In this work, we analyzed clinical data to study resistance pathways to nNRTIs. We investigated a possible impact of subtype and interactions with mutations conferring resistance to nucleoside analogue reverse transcriptase (NRTIs). Resistance development to NRTIs and nNRTIs is confounded by the use of combination therapy, which typically combines use of several inhibitors from the two different classes with resistance mutations in the same region. As we will show, Bayesian networks offer a direct benefit over other statistical approaches to determine whether treatment-associated mutations are related to NRTI or nNRTI resistance pathways, and to investigate possible interactions between NRTI and nNRTI resistance mutations.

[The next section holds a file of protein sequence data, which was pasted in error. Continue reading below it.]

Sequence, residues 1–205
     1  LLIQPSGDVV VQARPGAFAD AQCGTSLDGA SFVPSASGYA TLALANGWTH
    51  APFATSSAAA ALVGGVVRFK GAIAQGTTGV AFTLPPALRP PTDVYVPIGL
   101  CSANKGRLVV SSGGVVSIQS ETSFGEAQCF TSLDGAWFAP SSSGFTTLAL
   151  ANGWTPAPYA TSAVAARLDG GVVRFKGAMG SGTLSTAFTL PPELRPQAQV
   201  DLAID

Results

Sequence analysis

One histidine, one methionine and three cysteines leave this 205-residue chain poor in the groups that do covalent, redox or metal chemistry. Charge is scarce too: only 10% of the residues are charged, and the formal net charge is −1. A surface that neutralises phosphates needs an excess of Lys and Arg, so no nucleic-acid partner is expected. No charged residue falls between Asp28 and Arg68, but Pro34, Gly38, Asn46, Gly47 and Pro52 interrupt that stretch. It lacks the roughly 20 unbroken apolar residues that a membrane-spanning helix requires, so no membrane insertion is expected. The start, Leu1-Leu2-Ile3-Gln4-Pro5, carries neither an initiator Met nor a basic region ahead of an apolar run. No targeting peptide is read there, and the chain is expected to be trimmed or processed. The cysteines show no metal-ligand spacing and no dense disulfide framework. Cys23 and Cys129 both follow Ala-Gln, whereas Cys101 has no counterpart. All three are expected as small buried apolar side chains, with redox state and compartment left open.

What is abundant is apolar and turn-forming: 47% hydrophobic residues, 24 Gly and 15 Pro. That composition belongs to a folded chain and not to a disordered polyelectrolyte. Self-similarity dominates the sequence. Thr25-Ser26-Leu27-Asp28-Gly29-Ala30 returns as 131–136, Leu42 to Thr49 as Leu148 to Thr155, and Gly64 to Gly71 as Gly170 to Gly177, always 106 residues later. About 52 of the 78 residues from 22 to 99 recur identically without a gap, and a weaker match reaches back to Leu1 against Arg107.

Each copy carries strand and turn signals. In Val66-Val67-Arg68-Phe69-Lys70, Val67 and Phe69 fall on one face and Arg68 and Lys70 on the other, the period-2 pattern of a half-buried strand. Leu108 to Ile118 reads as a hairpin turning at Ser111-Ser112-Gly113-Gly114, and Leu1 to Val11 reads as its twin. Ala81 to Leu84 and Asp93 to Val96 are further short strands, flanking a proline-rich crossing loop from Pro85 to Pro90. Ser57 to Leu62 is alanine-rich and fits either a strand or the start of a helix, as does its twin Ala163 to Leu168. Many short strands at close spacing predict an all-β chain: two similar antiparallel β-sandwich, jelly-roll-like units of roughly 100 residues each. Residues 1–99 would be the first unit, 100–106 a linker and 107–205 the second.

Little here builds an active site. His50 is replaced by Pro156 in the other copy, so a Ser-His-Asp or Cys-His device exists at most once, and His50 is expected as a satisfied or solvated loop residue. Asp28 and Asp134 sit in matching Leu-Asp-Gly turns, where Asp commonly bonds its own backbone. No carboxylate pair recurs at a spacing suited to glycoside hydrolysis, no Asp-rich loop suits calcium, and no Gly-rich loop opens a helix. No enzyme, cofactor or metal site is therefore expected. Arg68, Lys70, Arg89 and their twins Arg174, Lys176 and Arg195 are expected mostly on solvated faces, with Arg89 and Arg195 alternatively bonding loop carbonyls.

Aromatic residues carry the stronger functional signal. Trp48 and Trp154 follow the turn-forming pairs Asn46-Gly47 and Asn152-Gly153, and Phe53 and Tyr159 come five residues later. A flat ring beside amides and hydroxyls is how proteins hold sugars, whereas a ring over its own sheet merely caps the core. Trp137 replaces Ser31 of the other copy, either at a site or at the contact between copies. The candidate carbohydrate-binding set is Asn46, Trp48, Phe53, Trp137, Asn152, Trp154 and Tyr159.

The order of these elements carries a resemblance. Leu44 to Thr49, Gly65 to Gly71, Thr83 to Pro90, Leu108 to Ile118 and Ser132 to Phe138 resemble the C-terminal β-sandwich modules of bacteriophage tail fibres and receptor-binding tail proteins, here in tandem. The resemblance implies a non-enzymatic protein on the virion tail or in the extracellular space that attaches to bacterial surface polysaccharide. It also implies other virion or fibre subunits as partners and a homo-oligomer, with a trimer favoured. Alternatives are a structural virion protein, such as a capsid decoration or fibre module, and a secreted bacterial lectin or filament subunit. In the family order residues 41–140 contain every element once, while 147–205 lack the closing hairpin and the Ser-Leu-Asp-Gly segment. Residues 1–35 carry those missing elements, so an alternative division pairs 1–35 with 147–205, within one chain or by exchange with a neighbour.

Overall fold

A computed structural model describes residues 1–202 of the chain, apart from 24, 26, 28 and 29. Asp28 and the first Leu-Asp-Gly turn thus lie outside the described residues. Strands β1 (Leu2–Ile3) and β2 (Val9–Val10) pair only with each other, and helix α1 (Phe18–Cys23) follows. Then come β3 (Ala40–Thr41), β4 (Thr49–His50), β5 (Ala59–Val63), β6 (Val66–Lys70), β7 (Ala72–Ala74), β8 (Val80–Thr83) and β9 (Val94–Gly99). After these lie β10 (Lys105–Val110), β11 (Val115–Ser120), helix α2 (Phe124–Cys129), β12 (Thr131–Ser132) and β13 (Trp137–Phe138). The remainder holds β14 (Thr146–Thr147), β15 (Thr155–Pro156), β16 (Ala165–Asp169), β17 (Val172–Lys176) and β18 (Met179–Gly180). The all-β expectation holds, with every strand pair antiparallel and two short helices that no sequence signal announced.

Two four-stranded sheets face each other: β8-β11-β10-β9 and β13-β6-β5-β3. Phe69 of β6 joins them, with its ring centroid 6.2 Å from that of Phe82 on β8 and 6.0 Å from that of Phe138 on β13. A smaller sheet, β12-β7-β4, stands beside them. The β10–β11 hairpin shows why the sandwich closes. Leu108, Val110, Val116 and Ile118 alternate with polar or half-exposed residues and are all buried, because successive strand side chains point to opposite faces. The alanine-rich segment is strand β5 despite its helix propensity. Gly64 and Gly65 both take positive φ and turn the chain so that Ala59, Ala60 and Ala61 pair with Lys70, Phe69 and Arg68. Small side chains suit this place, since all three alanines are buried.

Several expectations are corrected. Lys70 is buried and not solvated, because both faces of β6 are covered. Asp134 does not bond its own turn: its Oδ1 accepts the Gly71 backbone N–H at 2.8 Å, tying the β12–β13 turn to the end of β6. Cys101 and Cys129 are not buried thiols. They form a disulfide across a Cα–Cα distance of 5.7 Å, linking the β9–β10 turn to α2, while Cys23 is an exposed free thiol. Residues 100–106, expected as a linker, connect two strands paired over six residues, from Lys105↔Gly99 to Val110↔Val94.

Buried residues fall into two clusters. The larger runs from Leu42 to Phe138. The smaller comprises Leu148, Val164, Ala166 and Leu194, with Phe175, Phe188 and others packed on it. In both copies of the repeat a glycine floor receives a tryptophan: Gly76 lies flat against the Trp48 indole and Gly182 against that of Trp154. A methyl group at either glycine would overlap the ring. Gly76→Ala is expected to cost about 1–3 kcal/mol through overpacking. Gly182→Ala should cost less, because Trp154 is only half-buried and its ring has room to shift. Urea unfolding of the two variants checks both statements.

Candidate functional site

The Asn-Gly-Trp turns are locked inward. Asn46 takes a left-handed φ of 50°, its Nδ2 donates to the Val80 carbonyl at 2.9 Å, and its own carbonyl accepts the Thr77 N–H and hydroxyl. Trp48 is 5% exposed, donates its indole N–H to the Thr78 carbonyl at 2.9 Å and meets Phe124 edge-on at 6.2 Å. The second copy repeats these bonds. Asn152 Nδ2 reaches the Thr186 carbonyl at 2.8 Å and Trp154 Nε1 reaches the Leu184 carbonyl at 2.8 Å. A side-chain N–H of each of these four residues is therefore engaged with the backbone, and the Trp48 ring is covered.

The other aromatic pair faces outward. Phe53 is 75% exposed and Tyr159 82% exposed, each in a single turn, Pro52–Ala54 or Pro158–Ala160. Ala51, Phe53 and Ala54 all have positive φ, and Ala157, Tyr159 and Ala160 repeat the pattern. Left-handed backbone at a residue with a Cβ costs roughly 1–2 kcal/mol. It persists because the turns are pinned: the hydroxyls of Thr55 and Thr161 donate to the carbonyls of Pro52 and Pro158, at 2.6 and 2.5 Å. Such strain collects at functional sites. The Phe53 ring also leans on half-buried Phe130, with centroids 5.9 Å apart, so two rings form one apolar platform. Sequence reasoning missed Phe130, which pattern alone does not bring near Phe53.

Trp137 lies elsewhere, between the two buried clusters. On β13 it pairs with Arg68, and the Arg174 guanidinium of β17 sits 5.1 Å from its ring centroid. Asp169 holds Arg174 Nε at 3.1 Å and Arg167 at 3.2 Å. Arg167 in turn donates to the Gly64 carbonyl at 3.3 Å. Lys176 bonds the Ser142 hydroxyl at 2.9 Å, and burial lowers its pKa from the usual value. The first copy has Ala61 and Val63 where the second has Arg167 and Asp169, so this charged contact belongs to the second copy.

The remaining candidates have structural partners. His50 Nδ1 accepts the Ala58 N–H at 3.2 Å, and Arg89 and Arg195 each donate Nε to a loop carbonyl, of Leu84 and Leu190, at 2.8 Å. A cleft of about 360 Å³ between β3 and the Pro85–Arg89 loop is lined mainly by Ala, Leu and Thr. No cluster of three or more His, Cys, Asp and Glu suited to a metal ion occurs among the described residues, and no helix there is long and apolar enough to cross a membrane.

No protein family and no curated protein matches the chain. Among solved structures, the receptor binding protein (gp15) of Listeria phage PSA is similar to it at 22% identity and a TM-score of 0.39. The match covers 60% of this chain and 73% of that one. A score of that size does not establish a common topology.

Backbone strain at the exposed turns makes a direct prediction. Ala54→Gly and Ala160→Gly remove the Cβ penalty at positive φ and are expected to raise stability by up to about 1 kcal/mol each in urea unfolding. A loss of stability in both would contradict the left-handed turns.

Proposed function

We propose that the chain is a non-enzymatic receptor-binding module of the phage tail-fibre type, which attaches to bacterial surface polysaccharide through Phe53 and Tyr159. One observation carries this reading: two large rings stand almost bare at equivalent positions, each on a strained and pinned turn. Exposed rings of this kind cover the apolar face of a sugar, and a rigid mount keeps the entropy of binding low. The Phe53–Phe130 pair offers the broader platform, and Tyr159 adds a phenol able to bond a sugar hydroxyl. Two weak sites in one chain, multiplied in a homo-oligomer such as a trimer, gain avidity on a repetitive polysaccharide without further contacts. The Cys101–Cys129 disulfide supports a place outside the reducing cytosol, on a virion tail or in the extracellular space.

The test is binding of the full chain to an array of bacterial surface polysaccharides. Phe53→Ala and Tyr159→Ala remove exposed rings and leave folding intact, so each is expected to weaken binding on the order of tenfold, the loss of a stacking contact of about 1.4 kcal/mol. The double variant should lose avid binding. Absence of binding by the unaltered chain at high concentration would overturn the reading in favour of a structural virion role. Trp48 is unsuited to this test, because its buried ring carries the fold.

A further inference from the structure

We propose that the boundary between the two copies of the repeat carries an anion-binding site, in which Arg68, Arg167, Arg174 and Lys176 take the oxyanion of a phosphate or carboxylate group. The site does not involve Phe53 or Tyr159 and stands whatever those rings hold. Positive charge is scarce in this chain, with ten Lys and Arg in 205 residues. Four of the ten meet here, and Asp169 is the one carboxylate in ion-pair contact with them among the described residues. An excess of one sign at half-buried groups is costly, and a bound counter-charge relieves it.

Protease and partial reverse transcriptase (up to position 250) sequences of three HIV-1 populations were pooled from five clinical databases: Portugal, Belgium, Israel, Brazil and an international database containing sequences from subtypes other than subtype B (the non-B workgroup). The populations were defined by respectively 3837 sequences from nNRTI-naive patients, sequences from patients treated with only experience to EFV (462 sequences) or NVP (533 sequences) as nNRTI. For 10% of RT sequences, which covered RT starting around position 35, the missing sequence fragment was treated as missing values. At most, one treated sequence and one naive sequence per patient were included and identical sequences were removed. For each sequence, the detected polymorphic amino acids and nNRTI treatment-associated mutations, as well as known key NRTI mutations , with prevalence over 0.5%, and NRTI treatment experience were included in the data set for Bayesian network learning.